Thursday, December 4, 2014

IN Court of Appeals: We can't read minds like the IN Supreme Court

The Office of the Indiana Attorney General recently requested the Indiana Court of Appeals to do the absurd; read someone’s mind. In the recent Court of Appeals opinion in Derrick Weedman v. State of Indiana, authored by Judge Michael P. Barnes (filed November 26, 2014), the Indiana Attorney General argued Weedman waived his right to seek relief from improperly admitted evidence at trial because the AG claimed the failure of Weedman’s attorney to object to the unfairly prejudicial evidence was clearly a trial strategy on the part of the defense counsel; thus waiving Weedman’s right to raise the issue during appeal. The Indiana Court of Appeals addressed the AG’s request in footnote 3 of the opinion, “We simply have no information regarding Weedman’s trial counsel’s thoughts on his strategy.” Weedman v. State, 90A04-1311-CR-549. Where would the Indiana Attorney General get the idea that the higher courts of the State of Indiana are in the business of reading the minds of defense attorneys in order to deny defendants the ability to appeal fundamental errors in trial? From the case of Daniel Brewington v. State, 7 N.E.3d 946 (Ind. 2014). Apparently Appellate Judge Michael P. Barnes and the Indiana Court of Appeals lack the mind reading abilities of Chief Justice Loretta H. Rush and the Indiana Supreme Court.

“[Brewington] is correct that the instructions were erroneous and created a general-verdict error—but he affirmatively invited those errors as part of a perfectly reasonable trial strategy. When an error is invited for such legitimate reasons, it is neither fundamental error nor ineffective assistance of counsel.” Justice Rush wrote it was impossible to determine if the guilty verdict in Brewington’s trial was based on constitutionally protected activity because the jury instructions were constitutionally incomplete. Previous rulings by the United States Supreme Court mandate the reversal of a conviction based on constitutionally protected activity. Justice Rush wrote the general verdict error was a result of “the prosecutor’s improper reliance on ‘criminal defamation’” and “constitutionally incomplete jury instructions” but ruled the Indiana Supreme Court would “not grant relief from what by all indications was a deliberate and eminently reasonable strategic choice” by defense counsel. Rush wrote Brewington’s defense counsel “sought to exploit the prosecutor’s improper reliance on ‘criminal defamation’ to the defense’s advantage.” The Indiana Supreme Court ruled the failure to object to “constitutionally incomplete jury instructions” and a “plainly impermissible” criminal defamation argument by the prosecution was not ineffective assistance of counsel, rather a sound defense strategy. Justice Rush and the Indiana Supreme Court opined that defense counsel’s failure to object to the constitutionally flawed trial was “part of a reasonable defense strategy, and therefore may not raise it as grounds for relief.” Rush further justified the Supreme Court’s trial strategy argument by writing Brewington’s, “decision not to testify, thus letting the case hinge solely on the sufficiency of the State’s proof, was also consistent with an ‘all or nothing’ defense. What also distinguishes Weedman from Brewington is the Attorney General raised the trial strategy argument in Weedman. Justice Loretta H. Rush and the Indiana Supreme Court raised the issue on their own when they either speculated or read the mind of Brewington’s defense attorney in order to reach the Court’s conclusion because there was simply no information regarding Brewington’s trial counsel’s thoughts on his strategy on the record. [Note: Transcripts of the beginning of trial demonstrate Brewington informing the trial court Brewington had not met with his public defender to discuss his case and he, himself, was not aware of his own trial strategy nor was he aware what conduct led to the indictments against him.]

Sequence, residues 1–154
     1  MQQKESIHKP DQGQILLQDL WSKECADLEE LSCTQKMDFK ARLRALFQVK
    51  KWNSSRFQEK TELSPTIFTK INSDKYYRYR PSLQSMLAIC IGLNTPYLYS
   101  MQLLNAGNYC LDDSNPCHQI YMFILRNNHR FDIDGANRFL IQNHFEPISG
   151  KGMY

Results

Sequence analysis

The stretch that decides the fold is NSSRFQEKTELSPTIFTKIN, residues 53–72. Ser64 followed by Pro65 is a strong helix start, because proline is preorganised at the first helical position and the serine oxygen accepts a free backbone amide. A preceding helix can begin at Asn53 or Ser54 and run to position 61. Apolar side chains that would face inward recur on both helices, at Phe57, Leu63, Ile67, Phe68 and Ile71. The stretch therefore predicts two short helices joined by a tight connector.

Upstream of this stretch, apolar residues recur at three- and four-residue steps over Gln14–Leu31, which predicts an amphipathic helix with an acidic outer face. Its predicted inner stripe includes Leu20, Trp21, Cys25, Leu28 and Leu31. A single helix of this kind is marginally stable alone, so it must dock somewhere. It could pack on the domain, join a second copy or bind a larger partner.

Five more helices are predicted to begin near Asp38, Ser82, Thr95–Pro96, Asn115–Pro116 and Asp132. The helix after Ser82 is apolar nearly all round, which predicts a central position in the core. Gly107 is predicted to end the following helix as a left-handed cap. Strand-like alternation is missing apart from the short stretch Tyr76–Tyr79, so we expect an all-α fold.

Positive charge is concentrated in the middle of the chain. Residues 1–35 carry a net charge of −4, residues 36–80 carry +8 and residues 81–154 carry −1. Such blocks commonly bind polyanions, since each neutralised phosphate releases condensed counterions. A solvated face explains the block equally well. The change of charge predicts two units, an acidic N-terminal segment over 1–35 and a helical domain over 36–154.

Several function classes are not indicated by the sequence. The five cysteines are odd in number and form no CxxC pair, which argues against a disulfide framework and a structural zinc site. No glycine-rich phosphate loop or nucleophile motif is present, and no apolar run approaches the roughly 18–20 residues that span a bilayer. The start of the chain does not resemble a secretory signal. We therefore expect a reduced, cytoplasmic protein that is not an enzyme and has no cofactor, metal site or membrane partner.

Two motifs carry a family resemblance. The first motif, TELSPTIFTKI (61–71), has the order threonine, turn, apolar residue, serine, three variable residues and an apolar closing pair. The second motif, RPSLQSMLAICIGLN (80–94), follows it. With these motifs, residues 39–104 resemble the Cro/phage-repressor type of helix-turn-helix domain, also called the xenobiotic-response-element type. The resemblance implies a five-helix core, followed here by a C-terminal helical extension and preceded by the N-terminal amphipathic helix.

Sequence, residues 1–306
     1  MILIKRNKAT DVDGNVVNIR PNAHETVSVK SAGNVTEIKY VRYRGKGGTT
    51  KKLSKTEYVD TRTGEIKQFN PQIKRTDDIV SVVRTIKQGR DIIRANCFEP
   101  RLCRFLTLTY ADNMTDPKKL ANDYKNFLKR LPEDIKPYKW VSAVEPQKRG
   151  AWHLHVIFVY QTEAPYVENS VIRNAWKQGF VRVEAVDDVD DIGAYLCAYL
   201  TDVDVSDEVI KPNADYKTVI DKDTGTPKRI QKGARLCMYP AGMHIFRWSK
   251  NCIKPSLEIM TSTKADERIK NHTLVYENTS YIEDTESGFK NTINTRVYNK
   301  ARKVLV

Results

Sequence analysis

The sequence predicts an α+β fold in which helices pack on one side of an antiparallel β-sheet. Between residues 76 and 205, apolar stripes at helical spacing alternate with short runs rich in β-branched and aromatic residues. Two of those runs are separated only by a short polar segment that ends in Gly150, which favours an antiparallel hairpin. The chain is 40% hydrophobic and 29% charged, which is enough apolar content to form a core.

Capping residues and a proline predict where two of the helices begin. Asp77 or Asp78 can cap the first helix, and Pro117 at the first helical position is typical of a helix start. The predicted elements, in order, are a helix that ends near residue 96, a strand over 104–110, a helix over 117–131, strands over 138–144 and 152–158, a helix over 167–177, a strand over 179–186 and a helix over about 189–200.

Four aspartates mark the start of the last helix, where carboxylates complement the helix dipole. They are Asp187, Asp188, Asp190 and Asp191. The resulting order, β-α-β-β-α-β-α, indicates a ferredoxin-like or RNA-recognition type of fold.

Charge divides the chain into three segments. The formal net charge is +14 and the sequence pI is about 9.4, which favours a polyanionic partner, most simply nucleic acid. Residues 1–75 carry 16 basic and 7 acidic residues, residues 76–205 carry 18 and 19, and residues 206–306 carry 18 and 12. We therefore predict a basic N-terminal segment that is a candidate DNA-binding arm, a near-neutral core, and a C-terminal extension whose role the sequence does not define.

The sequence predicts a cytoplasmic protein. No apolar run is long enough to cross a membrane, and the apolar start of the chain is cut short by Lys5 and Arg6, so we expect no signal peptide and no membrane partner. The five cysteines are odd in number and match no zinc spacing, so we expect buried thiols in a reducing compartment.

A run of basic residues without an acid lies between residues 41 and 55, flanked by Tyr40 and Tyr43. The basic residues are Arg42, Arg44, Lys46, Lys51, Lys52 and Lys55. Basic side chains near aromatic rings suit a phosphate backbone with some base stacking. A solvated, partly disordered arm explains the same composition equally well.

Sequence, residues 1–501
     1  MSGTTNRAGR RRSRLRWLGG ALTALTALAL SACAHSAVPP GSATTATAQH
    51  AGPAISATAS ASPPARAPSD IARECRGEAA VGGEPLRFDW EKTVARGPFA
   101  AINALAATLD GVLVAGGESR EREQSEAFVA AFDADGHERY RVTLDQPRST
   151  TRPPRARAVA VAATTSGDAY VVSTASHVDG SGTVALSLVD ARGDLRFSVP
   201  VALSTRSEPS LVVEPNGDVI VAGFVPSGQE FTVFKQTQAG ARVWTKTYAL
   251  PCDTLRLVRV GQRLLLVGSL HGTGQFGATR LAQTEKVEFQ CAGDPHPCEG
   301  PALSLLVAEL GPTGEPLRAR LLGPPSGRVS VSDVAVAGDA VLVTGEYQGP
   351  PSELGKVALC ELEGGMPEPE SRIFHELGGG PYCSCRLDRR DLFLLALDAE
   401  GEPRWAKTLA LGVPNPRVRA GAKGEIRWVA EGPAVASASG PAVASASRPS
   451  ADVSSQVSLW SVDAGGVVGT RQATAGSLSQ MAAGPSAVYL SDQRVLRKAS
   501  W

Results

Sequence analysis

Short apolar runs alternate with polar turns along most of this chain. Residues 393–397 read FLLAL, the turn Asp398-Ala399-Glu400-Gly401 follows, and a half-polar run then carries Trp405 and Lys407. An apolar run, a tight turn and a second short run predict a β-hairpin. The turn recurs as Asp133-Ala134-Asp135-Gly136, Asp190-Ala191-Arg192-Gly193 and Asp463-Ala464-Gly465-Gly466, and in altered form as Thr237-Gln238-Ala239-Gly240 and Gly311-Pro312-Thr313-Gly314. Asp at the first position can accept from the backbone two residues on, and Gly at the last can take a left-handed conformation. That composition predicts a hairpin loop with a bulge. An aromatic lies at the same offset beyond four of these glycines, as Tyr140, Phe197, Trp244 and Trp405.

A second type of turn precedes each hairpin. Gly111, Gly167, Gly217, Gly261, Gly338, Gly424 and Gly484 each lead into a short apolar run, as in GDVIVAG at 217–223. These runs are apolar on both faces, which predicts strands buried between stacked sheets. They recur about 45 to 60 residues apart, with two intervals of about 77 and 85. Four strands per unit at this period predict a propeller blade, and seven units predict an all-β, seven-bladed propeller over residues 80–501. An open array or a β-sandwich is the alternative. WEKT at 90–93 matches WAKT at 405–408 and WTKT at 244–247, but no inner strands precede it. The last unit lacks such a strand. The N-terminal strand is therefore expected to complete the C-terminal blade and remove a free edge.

Brewington filed a writ of certiorari on October 29, 2014 so his case is now in the hands of the United States Supreme Court.  At this point, no attorneys, groups, or organizations have stepped forward to publicly support Brewington’s writ that addresses how Brewington was denied proper constitutionally relief because the Indiana Supreme Court did what the Indiana Court of Appeals refused to do; get into the business of reading minds in order to justify not following the Constitution of the United States of America. Brewington was denied probation and completed a 2.5 year prison sentence on 9/5/2013.